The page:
Darwin read this volume, which accepted the principle of extremely slow geological change, and presented a classic explanation of geological developments taking place over millions of years, during the initial phases of the voyage of the Beagle, which departed on its circumnavigation in November 1831. The second volume, which contained extensive discussion of the geographical distribution of species, ancient and modern, including speculations on their transmutation, caught up with him in Montevideo in October 1832.
These content of the first volume, in particular, resonated with the geological tour that Darwin had made with Adam Sedgwick, Professor of Geology at Cambridge, shortly before the departure of the Beagle. As a result, during the voyage Darwin largely considered himself a geologist, specialising in rocks and fossils, collecting botanical and faunal specimens as a supplementary interest.
The powerful long-term influence of Charles Lyell's Principles of Geology is seen in Darwin's later admission to Leonard Horner, Lyell's father-in-law:-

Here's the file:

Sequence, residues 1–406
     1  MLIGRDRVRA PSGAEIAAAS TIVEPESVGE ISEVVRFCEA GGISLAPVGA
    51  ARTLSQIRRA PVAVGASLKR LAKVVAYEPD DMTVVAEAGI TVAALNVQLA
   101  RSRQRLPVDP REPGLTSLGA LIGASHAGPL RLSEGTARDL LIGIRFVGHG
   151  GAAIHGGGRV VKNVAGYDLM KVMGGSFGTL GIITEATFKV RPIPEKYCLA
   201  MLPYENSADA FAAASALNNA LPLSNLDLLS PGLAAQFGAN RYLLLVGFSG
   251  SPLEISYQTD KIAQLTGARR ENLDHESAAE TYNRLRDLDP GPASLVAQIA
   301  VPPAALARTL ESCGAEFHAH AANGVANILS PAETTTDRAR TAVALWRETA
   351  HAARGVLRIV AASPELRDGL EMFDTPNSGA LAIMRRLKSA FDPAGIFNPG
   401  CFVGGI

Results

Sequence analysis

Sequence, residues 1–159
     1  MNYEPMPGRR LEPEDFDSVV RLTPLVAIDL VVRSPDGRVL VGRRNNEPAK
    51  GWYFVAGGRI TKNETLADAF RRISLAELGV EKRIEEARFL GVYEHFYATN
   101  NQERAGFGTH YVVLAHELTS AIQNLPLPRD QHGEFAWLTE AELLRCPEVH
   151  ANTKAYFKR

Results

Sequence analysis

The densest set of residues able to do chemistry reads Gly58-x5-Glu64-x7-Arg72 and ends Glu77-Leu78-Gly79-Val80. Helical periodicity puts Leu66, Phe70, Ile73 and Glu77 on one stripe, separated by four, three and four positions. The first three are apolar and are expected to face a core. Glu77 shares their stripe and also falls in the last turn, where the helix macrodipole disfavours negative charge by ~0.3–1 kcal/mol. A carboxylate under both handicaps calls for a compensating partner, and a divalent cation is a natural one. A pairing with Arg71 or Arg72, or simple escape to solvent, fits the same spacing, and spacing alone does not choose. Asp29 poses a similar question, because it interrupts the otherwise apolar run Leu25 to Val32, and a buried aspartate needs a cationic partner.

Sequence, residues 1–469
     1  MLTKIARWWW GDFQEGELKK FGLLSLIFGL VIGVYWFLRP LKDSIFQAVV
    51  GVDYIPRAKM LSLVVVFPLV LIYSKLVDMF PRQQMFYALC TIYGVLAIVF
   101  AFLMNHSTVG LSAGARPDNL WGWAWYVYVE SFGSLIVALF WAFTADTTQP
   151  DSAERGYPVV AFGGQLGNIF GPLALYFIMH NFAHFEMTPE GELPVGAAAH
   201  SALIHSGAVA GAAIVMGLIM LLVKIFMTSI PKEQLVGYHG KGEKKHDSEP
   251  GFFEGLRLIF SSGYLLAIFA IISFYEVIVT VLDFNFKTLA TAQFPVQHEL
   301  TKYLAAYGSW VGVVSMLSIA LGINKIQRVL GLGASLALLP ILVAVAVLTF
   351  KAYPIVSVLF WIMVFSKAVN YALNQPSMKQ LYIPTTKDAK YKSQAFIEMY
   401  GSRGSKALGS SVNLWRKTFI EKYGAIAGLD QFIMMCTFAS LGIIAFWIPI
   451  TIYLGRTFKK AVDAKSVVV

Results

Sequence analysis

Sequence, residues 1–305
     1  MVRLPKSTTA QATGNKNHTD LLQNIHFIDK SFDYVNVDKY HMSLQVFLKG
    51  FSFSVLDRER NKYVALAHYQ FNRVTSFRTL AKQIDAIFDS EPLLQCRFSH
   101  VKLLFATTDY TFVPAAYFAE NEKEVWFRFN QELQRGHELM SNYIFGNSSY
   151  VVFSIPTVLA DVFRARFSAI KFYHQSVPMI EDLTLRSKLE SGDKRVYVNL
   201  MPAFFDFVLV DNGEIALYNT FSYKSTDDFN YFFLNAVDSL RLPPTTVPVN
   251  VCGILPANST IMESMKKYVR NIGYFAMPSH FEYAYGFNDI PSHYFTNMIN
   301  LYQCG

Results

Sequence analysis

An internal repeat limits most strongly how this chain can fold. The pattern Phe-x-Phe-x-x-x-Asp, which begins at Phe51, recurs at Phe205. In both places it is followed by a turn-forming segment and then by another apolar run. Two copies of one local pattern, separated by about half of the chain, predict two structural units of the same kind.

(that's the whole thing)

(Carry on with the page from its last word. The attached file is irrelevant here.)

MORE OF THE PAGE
"I always feel as if my books came half out of Lyell's brains & that I never acknowledge this sufficiently, nor do I know how I can, without saying so in so many words for I have always thought that the great merit of the Principles, was that it altered the whole tone of one's mind & therefore that when seeing a thing never seen by Lyell, one yet saw it partially through his eyes. The Theory of Evolution, (as considered to be applicable to Humanity), has traditionally tended to focus on the physical.At the end of this page's extensive, (and hopefully authoritative, informative and entertaining), review of the History of Evolutionary Theory, however, there is some further content related to consideration of innate "Human Nature".These reliable sources of evidence include ~ Modern Psychological Science ~ and perhaps even more importantly, such undoubted spiritual, philosophical and literary authorities
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